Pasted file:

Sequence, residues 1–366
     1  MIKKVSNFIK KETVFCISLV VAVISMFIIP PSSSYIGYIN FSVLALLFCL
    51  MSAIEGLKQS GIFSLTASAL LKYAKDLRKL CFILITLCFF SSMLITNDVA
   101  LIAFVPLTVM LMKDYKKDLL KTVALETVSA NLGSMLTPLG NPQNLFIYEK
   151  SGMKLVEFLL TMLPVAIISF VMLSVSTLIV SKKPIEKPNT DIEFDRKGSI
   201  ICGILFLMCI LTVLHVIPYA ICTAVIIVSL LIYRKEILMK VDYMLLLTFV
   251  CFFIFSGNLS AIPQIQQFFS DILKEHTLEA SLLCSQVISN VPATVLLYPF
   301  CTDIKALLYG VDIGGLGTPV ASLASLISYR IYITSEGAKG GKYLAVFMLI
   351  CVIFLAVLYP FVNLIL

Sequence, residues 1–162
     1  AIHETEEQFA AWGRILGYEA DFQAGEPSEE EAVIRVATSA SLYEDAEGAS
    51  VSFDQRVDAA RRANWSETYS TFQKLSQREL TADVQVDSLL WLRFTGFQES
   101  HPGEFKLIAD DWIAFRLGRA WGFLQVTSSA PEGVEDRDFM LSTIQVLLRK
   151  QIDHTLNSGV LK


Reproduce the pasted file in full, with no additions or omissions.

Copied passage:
Sequence, residues 1–366
     1  MIKKVSNFIK KETVFCISLV VAVISMFIIP PSSSYIGYIN FSVLALLFCL
    51  MSAIEGLKQS GIFSLTASAL LKYAKDLRKL CFILITLCFF SSMLITNDVA
   101  LIAFVPLTVM LMKDYKKDLL KTVALETVSA NLGSMLTPLG NPQNLFIYEK
   151  SGMKLVEFLL TMLPVAIISF VMLSVSTLIV SKKPIEKPNT DIEFDRKGSI
   201  ICGILFLMCI LTVLHVIPYA ICTAVIIVSL LIYRKEILMK VDYMLLLTFV
   251  CFFIFSGNLS AIPQIQQFFS DILKEHTLEA SLLCSQVISN VPATVLLYPF
   301  CTDIKALLYG VDIGGLGTPV ASLASLISYR IYITSEGAKG GKYLAVFMLI
   351  CVIFLAVLYP FVNLIL

Sequence, residues 1–162
     1  AIHETEEQFA AWGRILGYEA DFQAGEPSEE EAVIRVATSA SLYEDAEGAS
    51  VSFDQRVDAA RRANWSETYS TFQKLSQREL TADVQVDSLL WLRFTGFQES
   101  HPGEFKLIAD DWIAFRLGRA WGFLQVTSSA PEGVEDRDFM LSTIQVLLRK
   151  QIDHTLNSGV LK